I very much welcome insights for examining and scrutinizing narratives, now or as we proceed. But I want to now turn to a thought of my own on seeing the development of Mary.

As we heard, Mary’s first unnamed mention in history is Paul’s Galatians 4.4 (c50AD) (“born of woman”). While Paul was clearly busy with other matters, Christians seem to have developed more and more interest in Mary. Mark (c. late 70s AD) (and Matthew) gave us Mary and brothers as trying to rein in Jesus and a platform to point out those who ‘do the will of God.’ Matthew (c80AD) also gave us Mary as spouse of Joseph, who received the angelic dreams. Luke (c85AD) went further to focus the attention of the infancy narrative on Mary, the recipient of the annunciation, a fulfillment of Hannah’s sign or type, who gave us Mary’s own voice in the Magnificat, and showed us Mary as distressed mother, the addressee of Simeon’s prophecy, and even a glimpse into Mary’s interior life (2.19 But Mary treasured up all these things, pondering them in her heart.). John, rich in symbolism (c90), passes over infancy narratives (the primary motive for mentioning Mary hitherto). John still includes Mary, not a Mary who fears that Jesus has gone mad, but a Mary intricately linked to Jesus’ ministry, first at the wedding at Cana, where Jesus and Mary share the secret as to his power and his “hour” which has not yet come (2.4-5). Where else does John place Mary? Why, at the climax of the ministry, at the foot of the Cross, where Jesus in agony made provision for her with his disciple. Thus, John passed over the infancy altogether but still inserted Mary into Jesus’ ministry, at its crucial beginnings and climax. So far is this from Paul’s unnamed mention of the “woman.” 

As for the last two points, Acts (c115AD) went on to include Mary, beyond Jesus’ ministry among the apostles and followers, as they chose the first successor and received the fiery anointing of the Spirit on Pentecost. Here Acts placed Mary at the nascence also of the infant Church. 

Finally, Revelation 12 (late first century) seems to depict allegorically or figuratively a Mary in cosmic import. The unnamed mother of Jesus is again unnamed, but now she is “a great sign… in heaven: a woman clothed with the sun, with the moon under her feet, and on her head a crown of twelve stars. (12.1)” She is now an agent of in the great divine drama of redemption.

What am I trying to argue in setting up this progression within New Testament texts? Presently, I make only a modest claim. I think the progressively prominent role of Mary, which we find working its way through the New Testament texts, is suggestive. If we take the gospels to reflect not merely one author’s view, but also reflecting the interests and needs of that Christian author’s communities, I think we can then see in this (so rough and crude) sketch an emerging and growing interest and value for Mary among some of the earliest Christians themselves. While Paul had bigger fish to fry in his frantic missions, Christian communities themselves preserved, transmitted and brought forth a greater and deeper importance to Mary.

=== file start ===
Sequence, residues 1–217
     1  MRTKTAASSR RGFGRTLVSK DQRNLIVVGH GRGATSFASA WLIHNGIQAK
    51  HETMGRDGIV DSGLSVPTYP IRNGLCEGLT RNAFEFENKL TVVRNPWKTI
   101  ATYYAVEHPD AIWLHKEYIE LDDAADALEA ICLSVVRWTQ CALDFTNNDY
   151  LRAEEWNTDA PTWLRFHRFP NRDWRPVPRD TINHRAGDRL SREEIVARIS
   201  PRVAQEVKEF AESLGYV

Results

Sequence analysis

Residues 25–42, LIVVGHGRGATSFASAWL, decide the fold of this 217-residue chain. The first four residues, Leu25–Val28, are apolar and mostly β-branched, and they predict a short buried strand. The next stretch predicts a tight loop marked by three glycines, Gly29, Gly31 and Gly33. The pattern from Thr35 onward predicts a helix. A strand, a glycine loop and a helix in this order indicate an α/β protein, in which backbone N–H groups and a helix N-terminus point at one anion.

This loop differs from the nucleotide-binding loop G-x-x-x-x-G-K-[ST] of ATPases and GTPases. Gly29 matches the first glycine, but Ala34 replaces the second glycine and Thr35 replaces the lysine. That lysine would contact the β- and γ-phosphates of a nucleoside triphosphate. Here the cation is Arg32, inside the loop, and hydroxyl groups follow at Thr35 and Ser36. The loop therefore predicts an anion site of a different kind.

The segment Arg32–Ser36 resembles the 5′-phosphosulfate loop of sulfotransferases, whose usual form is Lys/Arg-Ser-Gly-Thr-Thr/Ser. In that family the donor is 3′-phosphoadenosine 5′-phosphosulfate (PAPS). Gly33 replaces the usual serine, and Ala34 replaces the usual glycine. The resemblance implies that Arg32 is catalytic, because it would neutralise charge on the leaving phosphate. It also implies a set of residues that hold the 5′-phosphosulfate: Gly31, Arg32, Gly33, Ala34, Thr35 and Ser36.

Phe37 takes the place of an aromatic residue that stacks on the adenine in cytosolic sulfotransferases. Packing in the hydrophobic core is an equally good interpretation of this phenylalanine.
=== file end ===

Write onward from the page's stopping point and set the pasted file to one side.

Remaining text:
If we then set up the New Testament texts in this way, and infer from the texts to the Christian communities themselves, as I have suggested, we can see a development of Marian devotion, or at least, interest and fascination within the very New Testament itself.

This idea intrigues me. Most of the time, Marian devotion is portrayed or simply asserted to be extra-biblical or a later corruption. However, the Marian material within the chronological New Testament texts suggests that Marian interest emerged among the earliest Christians. Perhaps, one could even suggest that the New Testaments texts might mark out a kind of trajectory of Marian interest that will continue and flower later. In short, that the seed from which the Marian cult grew is itself biblical.

Of course, I haven’t even mentioned the texts from the Hebrew Bible (or Septuagint) in which later Christians, searching primarily from prophecies about Jesus, will find Mary. I look forward to reflecting upon the ways Christian thinkers develop Marian hermeneutics in reading such prophetic, typological or allegorical texts as resources to find and to plumb the depths hidden in the figure of the mother of Jesus.



  1. You have anticipated tomorrow's discussion perfectly: what happens when the development moves beyond the scriptural texts? But I agree: Marian devotion is present from the very beginning of our Christian documents, if not perhaps in Paul or Mark, most definitely Matthew, Luke, and John--otherwise why include these stories at all? It is not that the New Testament says "so little" about Mary, but rather the fact that it says *so much* that should get our attention. After all, Paul didn't even think it necessary to name "the woman" of whom the Son was born.


  2. I’m glad that RJP brought historicism (not in Karl Popper’s sense) into the discussion through “development.” I think this is helpful in considering Mary in scripture. The lecture and discussion also had me thinking of historiographies and hermeneutics. I appreciate the theological compliment to thinking historically about Mary in these readings.